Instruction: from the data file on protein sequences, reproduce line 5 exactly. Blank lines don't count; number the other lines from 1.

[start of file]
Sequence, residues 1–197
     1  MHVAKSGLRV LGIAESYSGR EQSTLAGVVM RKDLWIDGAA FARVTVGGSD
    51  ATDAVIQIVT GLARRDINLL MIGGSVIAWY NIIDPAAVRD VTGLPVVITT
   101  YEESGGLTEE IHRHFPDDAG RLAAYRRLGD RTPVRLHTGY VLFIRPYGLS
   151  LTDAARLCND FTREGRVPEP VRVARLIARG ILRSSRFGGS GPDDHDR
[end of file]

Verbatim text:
   151  LTDAARLCND FTREGRVPEP VRVARLIARG ILRSSRFGGS GPDDHDR